Bruce Pearl the coach once said,»I have learned that these guys want to win. They have been very willing to adapt and play unselfishly.«

As a coach it will be your responsibility to motivate your players on court and during practice. It is a fine balance an athlete has to find for both athletics and regular daily activities so motivation will come into play. The busy schedule of an athlete lends itself to the overwhelming need to reorganize constantly and ensure that development is continually in progress. The analysis of what is the best use of time is something that a coach will find that they do on a constant basis.

When a coach finds that a player is lagging and not performing to the best of their abilities then motivation will be needed. It is important that a coach talk to their players on a daily basis to keep communication open amongst the team. This will allow the coach to know when the players need to have motivational support. As Bruce Pearl stated, »He plays so hard and plays with guts and passion, and he’s the kind of guy you’d like to have on your team, but hate to play against. I think it’s a combination of respect, admiration and good fun.« All coaches want to motivate their players to manifest this very thing in their own teams.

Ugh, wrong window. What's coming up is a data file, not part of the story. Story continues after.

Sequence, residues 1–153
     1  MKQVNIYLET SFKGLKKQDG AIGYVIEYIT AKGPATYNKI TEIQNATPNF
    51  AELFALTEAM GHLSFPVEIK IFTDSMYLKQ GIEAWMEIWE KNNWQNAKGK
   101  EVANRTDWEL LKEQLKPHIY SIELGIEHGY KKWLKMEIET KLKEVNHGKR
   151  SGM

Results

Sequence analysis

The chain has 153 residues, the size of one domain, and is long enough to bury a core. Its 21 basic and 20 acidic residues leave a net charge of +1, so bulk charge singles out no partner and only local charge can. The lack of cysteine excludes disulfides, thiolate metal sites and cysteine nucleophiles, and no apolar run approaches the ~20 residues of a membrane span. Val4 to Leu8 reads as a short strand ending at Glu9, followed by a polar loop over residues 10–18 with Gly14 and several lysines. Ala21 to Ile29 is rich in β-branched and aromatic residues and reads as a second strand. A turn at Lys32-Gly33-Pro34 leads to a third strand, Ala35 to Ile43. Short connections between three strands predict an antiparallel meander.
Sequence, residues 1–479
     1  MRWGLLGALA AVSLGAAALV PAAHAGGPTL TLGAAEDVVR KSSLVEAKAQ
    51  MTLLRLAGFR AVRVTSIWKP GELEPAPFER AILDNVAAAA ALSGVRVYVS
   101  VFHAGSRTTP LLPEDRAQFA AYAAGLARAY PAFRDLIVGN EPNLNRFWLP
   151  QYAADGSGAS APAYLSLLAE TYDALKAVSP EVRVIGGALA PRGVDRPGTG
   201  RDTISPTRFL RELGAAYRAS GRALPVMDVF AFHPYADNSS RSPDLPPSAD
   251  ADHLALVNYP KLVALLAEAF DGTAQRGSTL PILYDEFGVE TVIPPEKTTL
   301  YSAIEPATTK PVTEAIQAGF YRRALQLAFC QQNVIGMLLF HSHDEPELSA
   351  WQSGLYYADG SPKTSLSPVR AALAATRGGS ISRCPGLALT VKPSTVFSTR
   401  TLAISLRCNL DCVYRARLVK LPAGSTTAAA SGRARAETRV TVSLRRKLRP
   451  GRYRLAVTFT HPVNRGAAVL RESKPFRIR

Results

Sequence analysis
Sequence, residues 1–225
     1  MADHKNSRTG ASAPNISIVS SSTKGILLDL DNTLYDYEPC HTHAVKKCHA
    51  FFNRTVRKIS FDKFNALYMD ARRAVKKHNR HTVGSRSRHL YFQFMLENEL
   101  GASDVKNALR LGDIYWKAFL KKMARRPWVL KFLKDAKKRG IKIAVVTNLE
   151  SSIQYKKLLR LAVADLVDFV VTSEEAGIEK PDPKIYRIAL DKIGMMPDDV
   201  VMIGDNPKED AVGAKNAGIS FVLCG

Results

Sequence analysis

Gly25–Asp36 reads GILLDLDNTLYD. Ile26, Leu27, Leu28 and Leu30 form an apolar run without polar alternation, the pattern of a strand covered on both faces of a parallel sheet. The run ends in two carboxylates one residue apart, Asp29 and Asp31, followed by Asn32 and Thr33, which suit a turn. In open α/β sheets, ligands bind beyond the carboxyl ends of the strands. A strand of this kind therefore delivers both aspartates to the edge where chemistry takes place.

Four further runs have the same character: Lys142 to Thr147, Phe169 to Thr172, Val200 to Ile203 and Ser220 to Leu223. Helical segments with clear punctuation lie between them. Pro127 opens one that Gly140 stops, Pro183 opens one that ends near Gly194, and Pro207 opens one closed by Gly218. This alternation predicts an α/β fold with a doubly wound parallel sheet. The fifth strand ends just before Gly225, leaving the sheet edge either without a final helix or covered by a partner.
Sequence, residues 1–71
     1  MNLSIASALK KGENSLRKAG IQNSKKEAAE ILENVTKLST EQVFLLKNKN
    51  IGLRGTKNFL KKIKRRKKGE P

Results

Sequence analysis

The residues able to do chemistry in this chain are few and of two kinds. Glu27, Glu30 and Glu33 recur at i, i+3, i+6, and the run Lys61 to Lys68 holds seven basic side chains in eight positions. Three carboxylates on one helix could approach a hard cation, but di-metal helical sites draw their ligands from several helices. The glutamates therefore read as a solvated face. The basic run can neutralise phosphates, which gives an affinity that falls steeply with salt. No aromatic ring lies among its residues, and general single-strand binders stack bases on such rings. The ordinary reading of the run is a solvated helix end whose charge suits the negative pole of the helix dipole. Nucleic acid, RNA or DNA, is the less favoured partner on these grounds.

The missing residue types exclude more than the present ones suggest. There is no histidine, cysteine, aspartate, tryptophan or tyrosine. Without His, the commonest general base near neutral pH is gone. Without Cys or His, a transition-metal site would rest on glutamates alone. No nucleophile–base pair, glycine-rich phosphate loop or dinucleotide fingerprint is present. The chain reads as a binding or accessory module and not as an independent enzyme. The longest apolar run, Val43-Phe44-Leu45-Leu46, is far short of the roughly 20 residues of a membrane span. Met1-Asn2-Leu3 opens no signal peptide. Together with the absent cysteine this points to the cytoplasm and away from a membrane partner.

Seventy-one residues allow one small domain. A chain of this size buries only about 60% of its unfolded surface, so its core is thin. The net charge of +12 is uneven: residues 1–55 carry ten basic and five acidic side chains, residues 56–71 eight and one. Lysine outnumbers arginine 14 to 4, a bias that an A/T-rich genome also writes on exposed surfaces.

Every player will have different things that motivate them. Team chemistry will vary with every team and a coach will have to use different strategies for motivating with every group.

Here are some steps to start with when you want to motivate your players.

  • A coach should listen to their players as they want to be listened to and use the information gathered to help to develop the team. When a player feels understood they will be motivated to excel for their coach.
  • A coach should practice being ethical and show his players how to play with integrity. This will make a strong reputation for the team. The team will feel more motivated because people will think highly of them. As an example: Referees will be more willing to give your players the benefit of the doubt on close calls during games which in turn your players will then feel more motivated.
  • A coach should explain how the benefits of playing the sport will enhance their player’s lives. Things like healthy bodies, college scholarships, professional careers, and traveling, making friends are all excellent examples of motivators when the team is feeling down or unmotivated.
  • You can set up challenges and drills that showcase the skills of your players. For instance running bleachers and wind sprints. You can challenge your players to beat their last finish times which will motivate them to the next level of their endurance. This will encourage not only adrenaline and mental stimulus but give them something to look forward to in the practice day.
  • Listen to inspirational music and tapes during practice.

Picture credit freakychickCreative Commons Attribution